Best Practice Summary
- Client Access Licenses—Purchase a sufficient number of User CALs to cover all the employees in the organization. Only look at Device CALs in a shift-work environment where employees are sharing terminals.
- Terminal Services—If terminal service access is needed, install and configure a separate terminal server computer on the network. SBS 2003 cannot run Terminal Services in Application mode.
- Network configuration—Build the SBS server with two network cards and use a router/firewall device to connect the SBS server to the public Internet.
- DHCP configuration—Use the DHCP service from the SBS server and disable DHCP services on all other devices on the network (such as the router/firewall). Configure all workstations on the internal network to get a dynamic IP address from the DHCP service on the SBS server.
A highly generalized overview recommendation for the implementation of an SBS installation might look like this:
- Network layout—A hardware router/firewall connects to the ISP for Internet access. An SBS server with two network cards connects the router/firewall and an internal switch. All networked computers, including wireless computers needing normal access to the SBS server, are connected to the switch.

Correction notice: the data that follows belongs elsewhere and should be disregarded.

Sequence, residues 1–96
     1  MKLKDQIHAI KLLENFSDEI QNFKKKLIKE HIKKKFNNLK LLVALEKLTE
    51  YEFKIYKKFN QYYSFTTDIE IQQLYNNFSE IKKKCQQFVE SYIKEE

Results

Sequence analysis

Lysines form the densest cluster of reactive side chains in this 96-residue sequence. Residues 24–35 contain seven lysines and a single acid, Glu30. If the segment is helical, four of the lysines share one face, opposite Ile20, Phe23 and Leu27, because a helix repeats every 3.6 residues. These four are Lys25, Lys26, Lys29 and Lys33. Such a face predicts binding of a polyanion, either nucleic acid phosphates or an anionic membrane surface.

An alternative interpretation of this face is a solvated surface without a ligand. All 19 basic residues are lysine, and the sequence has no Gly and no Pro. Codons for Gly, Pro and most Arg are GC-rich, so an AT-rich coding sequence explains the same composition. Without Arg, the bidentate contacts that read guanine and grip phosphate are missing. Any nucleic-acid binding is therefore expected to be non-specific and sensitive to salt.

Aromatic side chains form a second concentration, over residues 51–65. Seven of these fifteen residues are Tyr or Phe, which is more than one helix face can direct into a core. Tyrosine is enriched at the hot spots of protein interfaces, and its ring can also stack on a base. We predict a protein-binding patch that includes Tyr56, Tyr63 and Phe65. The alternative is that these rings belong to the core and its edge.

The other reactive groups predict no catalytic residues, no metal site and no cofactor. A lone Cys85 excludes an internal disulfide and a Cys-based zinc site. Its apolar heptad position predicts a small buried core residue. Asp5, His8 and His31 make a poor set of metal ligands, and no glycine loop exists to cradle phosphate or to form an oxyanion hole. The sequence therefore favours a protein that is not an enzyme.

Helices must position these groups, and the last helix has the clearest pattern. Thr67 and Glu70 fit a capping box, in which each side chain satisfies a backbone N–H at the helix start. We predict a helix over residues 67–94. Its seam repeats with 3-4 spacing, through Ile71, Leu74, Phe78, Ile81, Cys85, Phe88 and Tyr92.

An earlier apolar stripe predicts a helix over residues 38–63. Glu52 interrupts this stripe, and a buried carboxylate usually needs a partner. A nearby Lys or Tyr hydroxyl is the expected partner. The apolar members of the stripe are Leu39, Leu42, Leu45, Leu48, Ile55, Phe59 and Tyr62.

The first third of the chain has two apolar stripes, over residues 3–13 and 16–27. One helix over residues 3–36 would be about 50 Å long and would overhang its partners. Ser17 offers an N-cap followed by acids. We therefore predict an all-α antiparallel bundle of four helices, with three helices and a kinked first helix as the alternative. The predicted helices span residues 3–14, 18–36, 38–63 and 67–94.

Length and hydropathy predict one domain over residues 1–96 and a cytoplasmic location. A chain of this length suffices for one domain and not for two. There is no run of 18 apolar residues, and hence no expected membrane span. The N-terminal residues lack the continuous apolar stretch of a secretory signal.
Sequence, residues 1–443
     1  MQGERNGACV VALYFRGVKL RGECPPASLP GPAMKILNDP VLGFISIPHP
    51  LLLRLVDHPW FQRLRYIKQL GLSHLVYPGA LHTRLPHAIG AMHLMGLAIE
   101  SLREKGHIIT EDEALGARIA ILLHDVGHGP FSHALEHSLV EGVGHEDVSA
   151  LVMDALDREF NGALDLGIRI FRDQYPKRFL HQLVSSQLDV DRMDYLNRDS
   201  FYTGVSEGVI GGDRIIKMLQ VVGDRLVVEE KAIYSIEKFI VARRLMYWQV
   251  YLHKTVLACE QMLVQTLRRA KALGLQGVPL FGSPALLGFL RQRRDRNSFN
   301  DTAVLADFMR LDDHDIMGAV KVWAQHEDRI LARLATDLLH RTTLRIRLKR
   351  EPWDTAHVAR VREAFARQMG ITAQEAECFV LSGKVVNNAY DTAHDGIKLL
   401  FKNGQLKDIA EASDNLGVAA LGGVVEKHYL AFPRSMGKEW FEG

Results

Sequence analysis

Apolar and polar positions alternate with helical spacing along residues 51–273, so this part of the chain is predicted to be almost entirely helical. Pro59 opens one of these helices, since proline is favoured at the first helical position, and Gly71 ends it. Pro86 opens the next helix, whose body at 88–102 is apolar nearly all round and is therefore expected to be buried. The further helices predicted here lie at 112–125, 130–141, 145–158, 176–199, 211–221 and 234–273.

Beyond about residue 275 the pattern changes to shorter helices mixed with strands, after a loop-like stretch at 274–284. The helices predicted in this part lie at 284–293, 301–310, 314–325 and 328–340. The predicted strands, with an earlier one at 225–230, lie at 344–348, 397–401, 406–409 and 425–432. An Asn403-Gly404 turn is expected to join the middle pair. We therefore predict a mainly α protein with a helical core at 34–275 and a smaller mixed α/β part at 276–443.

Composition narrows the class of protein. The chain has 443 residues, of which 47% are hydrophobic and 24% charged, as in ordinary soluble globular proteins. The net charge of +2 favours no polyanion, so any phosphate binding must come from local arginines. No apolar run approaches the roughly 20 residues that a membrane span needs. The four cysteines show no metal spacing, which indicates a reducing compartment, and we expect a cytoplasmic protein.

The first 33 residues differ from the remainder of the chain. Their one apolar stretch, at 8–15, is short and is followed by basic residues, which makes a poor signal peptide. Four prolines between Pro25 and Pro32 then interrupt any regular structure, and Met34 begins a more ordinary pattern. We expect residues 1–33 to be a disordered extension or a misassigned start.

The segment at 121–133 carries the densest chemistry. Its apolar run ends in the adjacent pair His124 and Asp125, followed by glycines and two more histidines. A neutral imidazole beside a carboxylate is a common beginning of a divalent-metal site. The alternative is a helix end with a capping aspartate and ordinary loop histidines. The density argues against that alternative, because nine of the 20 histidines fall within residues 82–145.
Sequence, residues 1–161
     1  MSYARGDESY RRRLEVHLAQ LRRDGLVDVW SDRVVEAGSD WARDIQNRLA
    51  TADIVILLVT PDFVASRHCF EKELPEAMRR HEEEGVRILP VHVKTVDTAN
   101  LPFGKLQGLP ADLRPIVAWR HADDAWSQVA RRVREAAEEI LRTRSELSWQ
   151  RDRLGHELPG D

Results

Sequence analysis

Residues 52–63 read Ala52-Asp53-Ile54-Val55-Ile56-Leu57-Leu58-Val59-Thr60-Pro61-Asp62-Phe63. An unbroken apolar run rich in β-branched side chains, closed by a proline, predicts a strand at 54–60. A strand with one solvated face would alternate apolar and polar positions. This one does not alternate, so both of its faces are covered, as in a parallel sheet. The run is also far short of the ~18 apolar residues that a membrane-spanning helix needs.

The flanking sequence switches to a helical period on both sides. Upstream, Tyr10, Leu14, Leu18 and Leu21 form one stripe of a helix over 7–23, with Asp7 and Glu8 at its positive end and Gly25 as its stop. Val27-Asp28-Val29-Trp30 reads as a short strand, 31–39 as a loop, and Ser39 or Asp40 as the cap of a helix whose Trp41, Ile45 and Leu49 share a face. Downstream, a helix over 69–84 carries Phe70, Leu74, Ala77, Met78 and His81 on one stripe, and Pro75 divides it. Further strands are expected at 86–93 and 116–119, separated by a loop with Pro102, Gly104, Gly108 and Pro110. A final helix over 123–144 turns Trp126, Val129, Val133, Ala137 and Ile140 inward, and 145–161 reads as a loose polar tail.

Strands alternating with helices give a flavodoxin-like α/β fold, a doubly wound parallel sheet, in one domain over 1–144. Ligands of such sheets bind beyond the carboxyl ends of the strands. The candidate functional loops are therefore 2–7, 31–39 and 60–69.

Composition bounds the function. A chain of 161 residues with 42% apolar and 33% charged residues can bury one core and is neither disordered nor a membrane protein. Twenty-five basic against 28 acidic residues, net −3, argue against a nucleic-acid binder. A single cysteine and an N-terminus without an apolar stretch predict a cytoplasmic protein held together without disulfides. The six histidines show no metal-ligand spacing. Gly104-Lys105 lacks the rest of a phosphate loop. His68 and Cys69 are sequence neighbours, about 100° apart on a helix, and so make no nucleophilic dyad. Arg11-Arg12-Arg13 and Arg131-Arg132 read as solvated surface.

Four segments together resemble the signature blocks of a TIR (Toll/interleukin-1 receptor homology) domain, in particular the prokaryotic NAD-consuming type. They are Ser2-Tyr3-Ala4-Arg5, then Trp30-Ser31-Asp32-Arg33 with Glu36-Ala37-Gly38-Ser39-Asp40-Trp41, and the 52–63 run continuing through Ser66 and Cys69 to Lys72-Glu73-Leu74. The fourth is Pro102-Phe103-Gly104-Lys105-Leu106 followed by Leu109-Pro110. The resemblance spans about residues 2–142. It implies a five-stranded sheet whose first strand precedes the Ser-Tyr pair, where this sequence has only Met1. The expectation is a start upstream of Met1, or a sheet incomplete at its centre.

- Server storage—The SBS server has two spindles or partitions for data storage. The C: drive or partition is 12GB–16GB in size. The data drive or partition is as large as necessary to accommodate the organization’s data storage needs.
- Backup storage—If using a tape drive for data backup and the capacity of the tape drive is less than the data size on the server, implement a third-party backup solution or customize a backup schedule using NTBackup (covered in detail in Chapter 18). If using removable disk drives, try to use a FireWire connection to an external disk enclosure with a drive large enough to store all the server data.
These are just guidelines. The actual implementation depends on the needs and restrictions of the installation site.